Bringing home pets is always an exciting an experience for a family. The first time your pet activates a motion sensor in your absence creates an entirely different type of excitement. When customers call for help designing an alarm system, we immediately ask if they have any pets. Dogs and cats cause numerous false alarms by getting in front of motion detectors. Of course, many alarm customers install alarms in pet-free homes, only to add pets to the family at a later date. Additionally, families that install an alarm in a house with small pets may find that problems only arise as their pets grow to a more substantial size.

Two cats playing on a wooden floor.

Although not a real threat, furry family members cause a large percentage of all false alarms for homeowners.

If you have a security system and may want to add pets to your family, give us a call. We can help you plan for the potential issues that may arise as a result. Swapping equipment out can often eliminate false alarms cause by pets. For example, we can contact windows individually instead of using motion detectors. In rooms with picture glass, we can use glassbreak sensors that detect the sound and air movement caused by broken glass. Planning your sensors with your pets in mind can greatly lessen the threat of a false alarm. At this point, we’ve shared several tips for avoiding false alarms altogether. Now, let’s look at our recommended steps for customers who do experience their initial false alarm and wish to cut down on their risk of experiencing this inconvenience again.

What Do I Do if I Experience False Alarms?

Even if you do take precautions against them, many customers experience a false alarm at some point in time. Many customers ignore false alarms entirely and write the experience off, knowing that no actual emergency occurred. However, we recommend taking a difference approach to your first false alarm. If you believe your alarm went off without a good reason, call your alarm company. When customers call us to follow up on an alarm, we can provide a wealth of information. We can quickly determine the time and reason for any alarm event. If you continue to experience a false alarm from the same sensor, replacing that sensor may well solve the issue.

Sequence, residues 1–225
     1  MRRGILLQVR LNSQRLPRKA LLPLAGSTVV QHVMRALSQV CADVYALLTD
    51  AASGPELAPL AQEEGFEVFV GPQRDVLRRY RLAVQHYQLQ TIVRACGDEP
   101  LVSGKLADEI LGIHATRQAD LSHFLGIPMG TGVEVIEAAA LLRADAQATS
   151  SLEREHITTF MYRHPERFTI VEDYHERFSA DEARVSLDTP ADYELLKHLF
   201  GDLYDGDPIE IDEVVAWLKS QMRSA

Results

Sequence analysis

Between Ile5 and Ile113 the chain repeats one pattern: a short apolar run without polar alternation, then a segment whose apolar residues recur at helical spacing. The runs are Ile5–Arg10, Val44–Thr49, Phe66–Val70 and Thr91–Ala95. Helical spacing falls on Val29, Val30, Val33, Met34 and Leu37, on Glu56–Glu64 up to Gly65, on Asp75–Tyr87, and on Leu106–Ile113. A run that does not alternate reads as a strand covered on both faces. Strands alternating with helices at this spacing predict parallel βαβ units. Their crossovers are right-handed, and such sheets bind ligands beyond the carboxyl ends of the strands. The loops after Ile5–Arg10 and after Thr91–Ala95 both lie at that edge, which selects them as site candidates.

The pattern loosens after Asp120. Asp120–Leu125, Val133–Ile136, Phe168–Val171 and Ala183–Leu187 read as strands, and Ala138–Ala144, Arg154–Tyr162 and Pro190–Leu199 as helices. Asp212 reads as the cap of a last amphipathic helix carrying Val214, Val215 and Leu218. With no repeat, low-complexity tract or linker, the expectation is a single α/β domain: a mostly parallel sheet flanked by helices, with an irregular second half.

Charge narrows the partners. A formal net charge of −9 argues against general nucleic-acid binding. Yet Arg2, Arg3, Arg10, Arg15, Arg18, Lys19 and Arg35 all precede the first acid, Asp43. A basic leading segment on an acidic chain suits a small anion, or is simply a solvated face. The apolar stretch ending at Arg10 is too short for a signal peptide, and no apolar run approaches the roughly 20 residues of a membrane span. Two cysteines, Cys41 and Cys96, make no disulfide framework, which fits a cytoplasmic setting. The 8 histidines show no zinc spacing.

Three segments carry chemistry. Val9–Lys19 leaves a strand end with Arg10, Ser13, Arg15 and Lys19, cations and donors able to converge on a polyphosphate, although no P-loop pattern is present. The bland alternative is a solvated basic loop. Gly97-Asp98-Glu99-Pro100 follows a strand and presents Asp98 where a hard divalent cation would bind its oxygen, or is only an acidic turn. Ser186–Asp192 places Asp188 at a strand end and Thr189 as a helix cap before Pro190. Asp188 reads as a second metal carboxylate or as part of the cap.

As stated earlier, sometimes the alarm panel itself causes the issue rather than any one alarm component. We can also track alarm signals that originate with the panel and diagnose them. Knowing the issue that you face can help you deal with it as quickly as possible. Unfortunately, repeat false alarms often leave customers discouraged. Some alarm owners even disconnect their security systems altogether, fearing more incidents. However, figuring out what went wrong can help point to why things went wrong. From there, a simple fix can often stop the problem before it turns into a recurring issue.

Experiencing Complete Security without False Alarms

We hope that this post has given you ideas to cut down on your risk of false alarms. Anyone who has had the police show up for no reason obviously wishes to stop this from happening again. Perhaps you have experienced this before and now have some ideas for solving the alarm issues. Or maybe you don’t have security equipment in place yet, but want to make sure it works properly once you do.

Either way, we encourage you to contact us with any questions you may have about the material in this post. We offer free site surveys for both people with existing alarms and new alarm customers. While on site, we can make recommendations to ensure that your alarm only creates a central station response when you need one. By doing so, we can work with you to keep your home and your family safe and secure — without the headache caused by a false alarm.